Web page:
The topic of medication comes up frequently in my work. There’s still a lot of stigma around psychotropic medication.
Some communities have every right to be suspicious of psychotropic medication. If an adult’s experience with psychotropic medication in particular, or the medical field in general, is one that repeatedly disregarded their autonomy and well-being, of course they’ll be hesitant to expose their child to that or try it again themselves! I believe it’s on mental health professionals and prescribers to take seriously the harm done by our field(s), both in the past and even now. There’s a world of difference between thoughtful, collaborative work between a doctor or mental health team and patient to identify an effective medication, and the type of disrespectful, abusive, coercive experience many people of color, disabled, and low-income folks have had. We can’t hope to build the trust needed for the former until we acknowledge the latter.
There are other objections to psychotropic medications that I feel can be addressed more simply. For instance:
Sometimes I hear people say really dismissive things to themselves, along the lines that they should “just” exercise, eat healthy, pray, etc. as if taking medication would be cheating somehow, and as if their depression or anxiety isn’t exactly the thing keeping them from engaging in those activities! What I value most about medication is that it can be the boost a person needs to feel good enough to start doing those things. Healthy, life-improving, mood-boosting activities require us to believe we are worth the time, resources, and effort they take, which is a hard belief to maintain if depression is asking, “Why bother? It’s not going to help,” or anxiety is saying, “You? Doing that? Don’t be ridiculous.”
Psychotropic medication can be hugely beneficial for some people. Life-changing. Freeing. Wonderful. (There isn’t a “but” coming, just an “and.”) And at the same time, the process of trying psychotropic medications and adjusting doses can be scary, stressful, tedious, frustrating, and discouraging. Patients often have to go through a trial-and-error process to find a medication that helps. Two people might both be having similar anxiety symptoms, and yet respond differently to the same medication.
If you have a biological family member who has similar symptoms to you, and they’ve found a specific medication helpful, it’s worth sharing that information with your doctor/prescriber. Given your genetic relationship, the medication could be a good fit for you as well.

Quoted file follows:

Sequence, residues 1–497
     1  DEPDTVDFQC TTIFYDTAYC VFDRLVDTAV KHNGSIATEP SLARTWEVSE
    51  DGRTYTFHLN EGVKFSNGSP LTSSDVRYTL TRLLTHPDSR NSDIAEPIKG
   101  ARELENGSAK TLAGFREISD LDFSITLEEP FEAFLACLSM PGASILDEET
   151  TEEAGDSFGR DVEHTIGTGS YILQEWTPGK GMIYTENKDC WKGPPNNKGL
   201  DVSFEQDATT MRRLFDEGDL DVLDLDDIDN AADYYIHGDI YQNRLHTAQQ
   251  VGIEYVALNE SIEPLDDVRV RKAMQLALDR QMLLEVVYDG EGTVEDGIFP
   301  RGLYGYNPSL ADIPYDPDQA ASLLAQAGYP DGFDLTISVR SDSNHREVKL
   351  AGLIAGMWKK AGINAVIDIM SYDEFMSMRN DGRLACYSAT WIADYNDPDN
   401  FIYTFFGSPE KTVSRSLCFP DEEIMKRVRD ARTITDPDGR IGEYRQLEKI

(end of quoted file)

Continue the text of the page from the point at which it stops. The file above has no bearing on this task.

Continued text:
If your prescriber starts you on a medication that takes a few weeks to kick in, pay attention in the first week or two for negative side effects. If you notice a side effect, track its intensity over time: sometimes they go away or get less noticeable.
Ask a trusted person (partner, close relative, good friend) to see if they notice any changes in your mood, attitude, or behavior. Sometimes those around us can see improvements before we can. Your loved ones may notice that you seem more attentive and engaged in conversation with them before you can really feel a significant reduction in your symptoms.
If you don’t already have a habit of journaling about or otherwise tracking your moods, it’s a good idea to start one while trying new medications. This blog post offers multiple suggestions, the simplest of which is a PDF that lets you track a month’s worth of moods.
Finally, if you’re seeing a therapist, be sure to tell them about any new medications you’re trying, and how they’re affecting you. We therapists generally can’t write prescriptions and don’t recommend specific medications, but we can be helpful as you try medications, cope with side effects, and monitor your mental health symptoms. Moreover, it’s generally recommended that medication be combined with psychotherapy in order to most effectively treat mental health conditions. The more your therapist knows about you (including the medication(s) you’re taking), the better they can support and work with you to help you feel better.